the tragic events of Lac Megantic still fresh in the minds of many Canadians, particularly those who live on a rail line, new measures were announced Wednesday to provide municipalities with more complete information as to what passes through their communities.
Effective immediately any Canadian Class 1 railway which transports dangerous goods must provide municipalities with yearly information, presented by quarter regarding the nature and volume of dangerous goods that are transported through the municipality.
Other measures are to be put in place for Non Canadian Class 1 railway companies, regarding their responsibilities to the reporting process.
While the information will be more of a statistical review of what the railway carries, as opposed to a comprehensive manifest of each particular trainload, the information will be of particular use to first responder agencies as far as planning for accidents in their communities. Allowing them to have a better understanding of the variety of goods that transit through their response zones.
The measures are in effect for three years, or until cancelled by the Minister, to be used as a form of bridge while the Federal Government develops appropriate and permanent regulations.
Some with an interest in safety matters across the country are suggesting that expanding the information flow further is a goal that all involved should be seeking. In particular, providing for as much in the way of detail to the dangers that first responders and communities face from the transit of dangerous goods.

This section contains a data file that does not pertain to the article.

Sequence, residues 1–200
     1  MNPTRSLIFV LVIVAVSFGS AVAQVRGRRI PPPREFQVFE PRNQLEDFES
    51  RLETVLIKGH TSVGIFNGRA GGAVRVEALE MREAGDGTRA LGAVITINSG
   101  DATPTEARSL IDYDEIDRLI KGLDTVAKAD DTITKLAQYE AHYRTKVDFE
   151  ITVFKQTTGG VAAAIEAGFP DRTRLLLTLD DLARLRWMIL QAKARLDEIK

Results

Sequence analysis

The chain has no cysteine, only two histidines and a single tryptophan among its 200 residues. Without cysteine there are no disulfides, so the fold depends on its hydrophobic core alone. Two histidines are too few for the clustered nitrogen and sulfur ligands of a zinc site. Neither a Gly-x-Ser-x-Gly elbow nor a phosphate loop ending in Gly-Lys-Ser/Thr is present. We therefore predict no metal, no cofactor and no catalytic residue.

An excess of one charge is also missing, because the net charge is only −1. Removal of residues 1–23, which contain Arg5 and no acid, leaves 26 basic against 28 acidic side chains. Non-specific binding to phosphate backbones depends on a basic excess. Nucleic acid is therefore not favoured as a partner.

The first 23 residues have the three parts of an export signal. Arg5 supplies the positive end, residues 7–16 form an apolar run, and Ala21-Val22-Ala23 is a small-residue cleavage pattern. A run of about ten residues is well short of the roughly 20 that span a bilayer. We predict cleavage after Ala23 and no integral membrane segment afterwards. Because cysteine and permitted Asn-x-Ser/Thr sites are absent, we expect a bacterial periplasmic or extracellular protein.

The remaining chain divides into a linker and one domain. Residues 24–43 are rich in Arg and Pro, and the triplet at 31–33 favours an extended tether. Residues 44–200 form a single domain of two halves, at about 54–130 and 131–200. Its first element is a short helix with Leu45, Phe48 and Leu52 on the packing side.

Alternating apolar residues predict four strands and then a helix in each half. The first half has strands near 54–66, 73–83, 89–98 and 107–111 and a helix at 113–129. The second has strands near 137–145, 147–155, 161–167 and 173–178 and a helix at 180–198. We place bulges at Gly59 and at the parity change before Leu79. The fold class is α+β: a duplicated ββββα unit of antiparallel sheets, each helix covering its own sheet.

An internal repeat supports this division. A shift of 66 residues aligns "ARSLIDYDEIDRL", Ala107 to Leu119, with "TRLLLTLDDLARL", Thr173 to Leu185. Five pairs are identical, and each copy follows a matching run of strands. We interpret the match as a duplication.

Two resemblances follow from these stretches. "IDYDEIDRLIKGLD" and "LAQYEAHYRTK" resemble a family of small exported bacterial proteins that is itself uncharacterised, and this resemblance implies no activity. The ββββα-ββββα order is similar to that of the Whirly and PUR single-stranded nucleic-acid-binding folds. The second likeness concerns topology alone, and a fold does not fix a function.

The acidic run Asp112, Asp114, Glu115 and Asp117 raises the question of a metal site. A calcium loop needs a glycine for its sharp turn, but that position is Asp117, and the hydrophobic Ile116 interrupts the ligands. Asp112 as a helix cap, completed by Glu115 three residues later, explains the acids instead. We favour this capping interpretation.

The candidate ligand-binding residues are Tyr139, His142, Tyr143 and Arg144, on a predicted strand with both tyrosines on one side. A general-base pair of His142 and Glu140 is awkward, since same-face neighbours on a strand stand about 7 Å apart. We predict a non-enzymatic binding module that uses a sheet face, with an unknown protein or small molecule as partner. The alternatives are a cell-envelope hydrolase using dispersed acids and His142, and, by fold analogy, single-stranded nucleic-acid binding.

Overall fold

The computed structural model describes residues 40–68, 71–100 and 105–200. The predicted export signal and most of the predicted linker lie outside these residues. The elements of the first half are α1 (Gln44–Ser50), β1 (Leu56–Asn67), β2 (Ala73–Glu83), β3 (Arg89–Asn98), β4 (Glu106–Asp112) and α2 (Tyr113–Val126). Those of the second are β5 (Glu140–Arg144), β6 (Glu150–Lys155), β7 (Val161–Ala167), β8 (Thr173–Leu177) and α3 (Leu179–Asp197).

You can review the particulars of that announcement from the Transport Canada media release of Wednesday.
For the Northwest, Canadian National is the only primary railroad for transport of dangerous goods across the Northern corridor and the concerns over dangerous goods has become a major discussion point for each community between Prince George and Prince Rupert.
As we outlined in August, the issue of rail safety has been on the mind of the Canadian Federation of Municipalities. Recently it has been pushing for better information delivery between railways and communities and they heralded today's announcement as a welcome development in making the transit of goods safer across the nation.
More background on today's announcement and the requirements of the railroads can be found below.
Globe and Mail-- Railways must give cities annual data on hazardous materials, Ottawa says
CBC-- Tighter regulations coming for freight train companies
Canada.com-- Railways must tell cities about dangerous cargo, Transport Minister Raitt orders
Canadian Transportation and Logistics-- Federal Government to increase transportation of dangerous goods information sharing between rail companies and municipalities
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